Holy smokes. The Russian ruble has just suffered ‘the worst slump in the world,‘ according to a Bloomberg report.
Why is the currency being pounded so heavily? Global investors started dumping Russian assets – stocks and bonds – after President Vladimir Putin sent military forces to take over parts of Ukraine, which has been plagued by civil unrest in recent months.
Investors were spooked by fears of retaliation by Western nations (mostly in the form of sanctions) for Russia’s actions in Crimea, Ukraine.
The ruble, not surprisingly, slid quite alarmingly: it suffered its biggest decline in 29 months on Monday, sinking to 36.6 against the US dollar and to 50.30 against the euro.
In a bid to prevent the currency from collapsing, Russia’s central bank governor, Elvira Nabuillina, hiked the policy rate to 7% from 5.5% on Monday.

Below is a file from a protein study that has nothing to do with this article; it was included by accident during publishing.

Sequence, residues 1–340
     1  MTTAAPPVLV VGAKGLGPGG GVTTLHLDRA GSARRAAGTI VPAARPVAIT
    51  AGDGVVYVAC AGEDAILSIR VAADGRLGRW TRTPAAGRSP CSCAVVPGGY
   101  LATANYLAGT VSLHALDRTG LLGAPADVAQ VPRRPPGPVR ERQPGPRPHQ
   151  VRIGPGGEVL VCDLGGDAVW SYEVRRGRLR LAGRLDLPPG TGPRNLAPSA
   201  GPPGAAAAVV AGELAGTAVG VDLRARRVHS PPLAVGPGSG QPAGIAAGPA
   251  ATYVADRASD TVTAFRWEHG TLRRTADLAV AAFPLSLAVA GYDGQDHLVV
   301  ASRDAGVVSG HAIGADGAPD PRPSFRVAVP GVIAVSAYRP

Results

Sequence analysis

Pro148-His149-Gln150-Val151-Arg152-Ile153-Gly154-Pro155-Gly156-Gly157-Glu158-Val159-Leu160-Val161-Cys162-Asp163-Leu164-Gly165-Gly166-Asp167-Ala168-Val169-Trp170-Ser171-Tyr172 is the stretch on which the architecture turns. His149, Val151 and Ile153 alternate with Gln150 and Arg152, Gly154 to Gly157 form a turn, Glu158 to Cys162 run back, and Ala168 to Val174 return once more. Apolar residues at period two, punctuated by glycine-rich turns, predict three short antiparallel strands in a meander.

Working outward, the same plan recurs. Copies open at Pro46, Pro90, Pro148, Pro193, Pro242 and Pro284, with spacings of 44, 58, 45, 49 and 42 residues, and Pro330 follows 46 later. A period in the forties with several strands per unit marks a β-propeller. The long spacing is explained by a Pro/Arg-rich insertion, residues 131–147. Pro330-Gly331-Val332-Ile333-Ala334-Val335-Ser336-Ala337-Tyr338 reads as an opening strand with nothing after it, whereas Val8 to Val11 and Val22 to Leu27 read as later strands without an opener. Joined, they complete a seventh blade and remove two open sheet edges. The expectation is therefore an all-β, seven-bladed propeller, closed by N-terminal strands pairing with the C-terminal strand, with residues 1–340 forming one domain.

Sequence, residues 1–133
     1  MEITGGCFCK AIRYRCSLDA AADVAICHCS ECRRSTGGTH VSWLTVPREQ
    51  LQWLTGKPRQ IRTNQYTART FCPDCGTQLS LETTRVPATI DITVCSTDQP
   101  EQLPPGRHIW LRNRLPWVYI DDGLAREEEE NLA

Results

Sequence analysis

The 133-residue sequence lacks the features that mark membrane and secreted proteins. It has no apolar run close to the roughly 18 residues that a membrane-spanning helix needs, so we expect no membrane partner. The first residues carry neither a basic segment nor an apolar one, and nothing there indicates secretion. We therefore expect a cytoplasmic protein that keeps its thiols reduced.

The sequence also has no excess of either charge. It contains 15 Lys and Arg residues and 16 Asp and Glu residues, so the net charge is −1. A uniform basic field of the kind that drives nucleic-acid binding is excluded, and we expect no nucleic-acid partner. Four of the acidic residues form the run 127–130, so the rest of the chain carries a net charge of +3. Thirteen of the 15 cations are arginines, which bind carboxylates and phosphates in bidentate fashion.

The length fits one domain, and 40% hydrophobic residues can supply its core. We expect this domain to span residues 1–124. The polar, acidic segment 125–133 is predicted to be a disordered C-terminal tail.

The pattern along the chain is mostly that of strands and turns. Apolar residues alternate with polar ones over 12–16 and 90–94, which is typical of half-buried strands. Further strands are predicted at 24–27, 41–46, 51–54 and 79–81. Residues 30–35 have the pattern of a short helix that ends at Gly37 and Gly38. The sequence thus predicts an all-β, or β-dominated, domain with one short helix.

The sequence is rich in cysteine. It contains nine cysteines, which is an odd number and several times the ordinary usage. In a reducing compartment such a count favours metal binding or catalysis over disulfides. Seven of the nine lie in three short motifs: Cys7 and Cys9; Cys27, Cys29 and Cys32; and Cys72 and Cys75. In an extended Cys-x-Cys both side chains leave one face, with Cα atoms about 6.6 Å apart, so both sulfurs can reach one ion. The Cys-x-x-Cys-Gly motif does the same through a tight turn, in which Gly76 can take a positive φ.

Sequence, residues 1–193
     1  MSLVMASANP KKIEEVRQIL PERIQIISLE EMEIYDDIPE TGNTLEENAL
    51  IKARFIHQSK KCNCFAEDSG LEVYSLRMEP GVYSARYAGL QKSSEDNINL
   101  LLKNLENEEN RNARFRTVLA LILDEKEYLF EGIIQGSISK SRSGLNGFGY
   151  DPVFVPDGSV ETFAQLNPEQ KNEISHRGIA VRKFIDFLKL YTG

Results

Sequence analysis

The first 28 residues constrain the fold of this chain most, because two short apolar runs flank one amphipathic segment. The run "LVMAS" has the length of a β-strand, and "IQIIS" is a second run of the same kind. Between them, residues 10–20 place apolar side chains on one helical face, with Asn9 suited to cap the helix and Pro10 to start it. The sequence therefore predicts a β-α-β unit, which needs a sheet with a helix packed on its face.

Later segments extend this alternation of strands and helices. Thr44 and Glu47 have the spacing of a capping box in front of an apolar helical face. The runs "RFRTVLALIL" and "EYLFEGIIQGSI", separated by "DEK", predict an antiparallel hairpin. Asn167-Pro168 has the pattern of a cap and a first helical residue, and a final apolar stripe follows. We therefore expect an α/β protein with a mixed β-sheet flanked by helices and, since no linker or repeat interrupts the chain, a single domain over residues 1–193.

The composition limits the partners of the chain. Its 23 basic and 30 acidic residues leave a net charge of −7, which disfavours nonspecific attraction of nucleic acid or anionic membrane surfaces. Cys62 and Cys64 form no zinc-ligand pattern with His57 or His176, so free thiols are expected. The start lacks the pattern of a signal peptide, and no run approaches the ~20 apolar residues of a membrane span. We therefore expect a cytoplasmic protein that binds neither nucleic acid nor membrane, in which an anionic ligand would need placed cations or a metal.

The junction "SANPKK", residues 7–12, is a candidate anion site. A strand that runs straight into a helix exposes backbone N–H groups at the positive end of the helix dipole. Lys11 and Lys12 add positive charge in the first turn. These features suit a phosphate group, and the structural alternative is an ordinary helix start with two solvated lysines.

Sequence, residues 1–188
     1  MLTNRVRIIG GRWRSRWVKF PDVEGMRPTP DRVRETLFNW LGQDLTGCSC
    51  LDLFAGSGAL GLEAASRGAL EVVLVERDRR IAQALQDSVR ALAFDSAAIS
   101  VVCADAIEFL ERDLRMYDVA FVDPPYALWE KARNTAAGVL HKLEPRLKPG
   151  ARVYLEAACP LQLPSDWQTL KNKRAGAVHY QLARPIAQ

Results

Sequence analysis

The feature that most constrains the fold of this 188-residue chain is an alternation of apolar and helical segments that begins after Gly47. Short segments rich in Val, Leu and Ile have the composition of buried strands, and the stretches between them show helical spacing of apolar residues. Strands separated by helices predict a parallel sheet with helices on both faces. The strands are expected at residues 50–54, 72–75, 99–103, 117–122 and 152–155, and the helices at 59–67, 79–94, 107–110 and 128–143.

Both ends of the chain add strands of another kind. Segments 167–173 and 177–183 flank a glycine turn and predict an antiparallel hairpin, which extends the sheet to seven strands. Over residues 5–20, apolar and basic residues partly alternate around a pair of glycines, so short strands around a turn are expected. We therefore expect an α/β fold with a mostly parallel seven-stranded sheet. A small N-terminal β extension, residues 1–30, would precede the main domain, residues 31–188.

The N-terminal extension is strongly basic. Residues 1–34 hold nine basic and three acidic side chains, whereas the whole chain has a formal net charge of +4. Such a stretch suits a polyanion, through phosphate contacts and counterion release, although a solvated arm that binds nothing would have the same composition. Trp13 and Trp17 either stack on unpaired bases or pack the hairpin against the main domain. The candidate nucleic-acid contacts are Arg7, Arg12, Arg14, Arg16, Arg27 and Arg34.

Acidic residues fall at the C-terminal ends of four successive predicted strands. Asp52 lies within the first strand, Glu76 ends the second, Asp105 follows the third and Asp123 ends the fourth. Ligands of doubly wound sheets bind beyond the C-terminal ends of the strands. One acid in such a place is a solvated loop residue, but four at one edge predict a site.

The central bank, Bank Rossii, also had to sell an estimated $10-$12 billion to defend the currency’s value, media reports said.
However, Russia’s economy may still end up paying the price for its military actions.
For one thing, a weaker rouble could force the central bank to further hike interest rates that could choke economic growth.
Russia’s economy had been expected to expand by 3.1% this year, after posting a dismal growth of 1.3% in 2013. However, higher interest rates could slow that growth — or even tip the economy into recession.
The ongoing stand-off between Russia and the West could also intensify capital flight from Russia, which adds to the turmoil in emerging markets triggered by the US Federal Reserve’s taper plan that began earlier this year.
Latest reports suggest that Russian President Putin has ordered troops taking part in military exercises in western Russia near the border with Ukraine to return to their bases, according to a USA Today report. However, no explicit mention was made of the estimated 16,000 Russian troops believed to be already in Crimea.
To be sure, this saga is by no means over.